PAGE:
On last night’s finale of Bachelor in Paradise, we witnessed something very unexpected.
A man who wasn’t the random, over-invested American proposed on national television, after what felt like two and a half weeks in Fiji. Sam Cochrane, 34, proposed to 27-year-old Tara Pavlovic, much to the excitement of Osher, who will obviously be their celebrant.
But Sam and Tara weren’t the only ones to leave paradise in a serious relationship. Keira Maguire and Jarrod Woodgate said ‘I love you’ in the culmination of perhaps the most bizarre love story we’ve seen play out on television, and despite leaving paradise early, Jake Ellis and Megan Marx are still together, five months later.
Now, I’m no mathamagician, but that’s three successful couples out of a show that had as its sole premise: ex-Bachelor and ex-Bachelorette contestants get drunk and sunburnt in Fiji.
Just over a month ago, we were watching the finale of another dating show. Married at First Sight is (allegedly) a 'social experiment' which uses 'science' to 'match' a large pool of 'individuals' based on their 'compatibility'.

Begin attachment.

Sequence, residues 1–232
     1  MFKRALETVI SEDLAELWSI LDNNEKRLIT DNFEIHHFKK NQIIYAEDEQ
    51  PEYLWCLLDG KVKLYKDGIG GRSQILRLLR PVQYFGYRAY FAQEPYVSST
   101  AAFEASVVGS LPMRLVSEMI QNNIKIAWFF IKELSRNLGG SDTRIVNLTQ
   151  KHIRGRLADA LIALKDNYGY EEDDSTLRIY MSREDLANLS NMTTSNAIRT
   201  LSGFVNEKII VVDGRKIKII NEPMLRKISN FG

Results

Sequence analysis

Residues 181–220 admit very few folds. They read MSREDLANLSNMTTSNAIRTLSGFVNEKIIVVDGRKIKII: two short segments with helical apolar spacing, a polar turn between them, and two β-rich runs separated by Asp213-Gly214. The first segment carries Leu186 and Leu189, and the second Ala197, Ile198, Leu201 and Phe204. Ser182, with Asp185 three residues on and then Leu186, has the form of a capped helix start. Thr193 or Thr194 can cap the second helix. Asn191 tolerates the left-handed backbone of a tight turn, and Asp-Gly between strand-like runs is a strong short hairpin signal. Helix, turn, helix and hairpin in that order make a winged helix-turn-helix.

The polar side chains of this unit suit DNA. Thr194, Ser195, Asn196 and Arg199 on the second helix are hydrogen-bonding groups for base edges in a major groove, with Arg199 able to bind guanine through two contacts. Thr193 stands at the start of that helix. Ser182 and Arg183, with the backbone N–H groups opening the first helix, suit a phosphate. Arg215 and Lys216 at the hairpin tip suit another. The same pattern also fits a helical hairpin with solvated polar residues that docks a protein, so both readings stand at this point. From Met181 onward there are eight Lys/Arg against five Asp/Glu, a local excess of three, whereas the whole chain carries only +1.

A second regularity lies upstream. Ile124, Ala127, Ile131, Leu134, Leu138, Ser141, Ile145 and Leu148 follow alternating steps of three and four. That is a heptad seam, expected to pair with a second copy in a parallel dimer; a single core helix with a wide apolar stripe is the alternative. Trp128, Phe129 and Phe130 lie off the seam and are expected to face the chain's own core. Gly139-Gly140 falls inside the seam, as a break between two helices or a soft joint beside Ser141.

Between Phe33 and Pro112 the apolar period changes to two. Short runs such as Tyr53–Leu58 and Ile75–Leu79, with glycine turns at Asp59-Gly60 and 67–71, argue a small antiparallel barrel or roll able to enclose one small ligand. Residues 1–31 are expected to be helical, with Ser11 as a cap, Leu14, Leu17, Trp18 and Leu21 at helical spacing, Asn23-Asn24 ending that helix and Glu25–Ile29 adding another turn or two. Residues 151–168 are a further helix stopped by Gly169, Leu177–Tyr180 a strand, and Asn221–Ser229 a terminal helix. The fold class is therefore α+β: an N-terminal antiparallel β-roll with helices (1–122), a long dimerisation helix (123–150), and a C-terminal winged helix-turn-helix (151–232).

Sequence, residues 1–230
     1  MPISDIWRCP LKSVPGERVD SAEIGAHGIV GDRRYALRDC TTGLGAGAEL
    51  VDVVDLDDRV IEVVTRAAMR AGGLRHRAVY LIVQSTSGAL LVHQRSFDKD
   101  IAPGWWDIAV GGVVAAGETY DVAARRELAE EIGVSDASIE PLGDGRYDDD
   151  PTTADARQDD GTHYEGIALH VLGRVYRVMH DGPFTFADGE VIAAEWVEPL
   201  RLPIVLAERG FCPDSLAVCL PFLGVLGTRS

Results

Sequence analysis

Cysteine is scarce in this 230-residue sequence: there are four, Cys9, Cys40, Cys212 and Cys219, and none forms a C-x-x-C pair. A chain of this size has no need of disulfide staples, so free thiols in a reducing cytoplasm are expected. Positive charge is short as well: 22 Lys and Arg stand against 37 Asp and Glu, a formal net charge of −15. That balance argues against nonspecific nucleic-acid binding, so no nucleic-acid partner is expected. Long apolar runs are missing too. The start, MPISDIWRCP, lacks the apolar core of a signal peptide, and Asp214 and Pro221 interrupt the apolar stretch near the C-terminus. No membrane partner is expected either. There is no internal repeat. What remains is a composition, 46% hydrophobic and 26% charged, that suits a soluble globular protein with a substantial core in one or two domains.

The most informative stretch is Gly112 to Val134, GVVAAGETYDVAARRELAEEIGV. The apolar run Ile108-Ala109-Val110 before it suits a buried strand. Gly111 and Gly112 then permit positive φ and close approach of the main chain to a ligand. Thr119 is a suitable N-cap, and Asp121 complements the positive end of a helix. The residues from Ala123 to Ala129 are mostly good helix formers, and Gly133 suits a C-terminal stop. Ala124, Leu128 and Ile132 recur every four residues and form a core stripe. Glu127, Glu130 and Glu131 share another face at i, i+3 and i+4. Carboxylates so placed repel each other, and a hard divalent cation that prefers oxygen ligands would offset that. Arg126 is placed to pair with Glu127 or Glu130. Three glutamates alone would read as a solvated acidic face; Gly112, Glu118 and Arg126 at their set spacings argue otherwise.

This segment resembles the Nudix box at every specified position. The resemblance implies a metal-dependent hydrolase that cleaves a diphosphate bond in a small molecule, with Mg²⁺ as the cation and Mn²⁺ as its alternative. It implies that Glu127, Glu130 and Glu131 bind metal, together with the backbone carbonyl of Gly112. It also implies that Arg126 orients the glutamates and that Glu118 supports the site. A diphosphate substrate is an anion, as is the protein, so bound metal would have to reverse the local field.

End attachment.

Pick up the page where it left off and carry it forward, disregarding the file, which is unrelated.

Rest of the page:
There's blood tests. Urine tests. Pheromone tests. Weird electrodes placed on people's heads for no reason. Personality tests. Experienced psychologists. Fake weddings.
But out of the first four seasons of Married at First Sight, which attempted to match 48 humans, precisely ZERO couples are still together.
After season five, which matched a further 22 people, two couples are still together - neither of whom were initially matched with each other: Troy and Carly, and Tracey and Sean.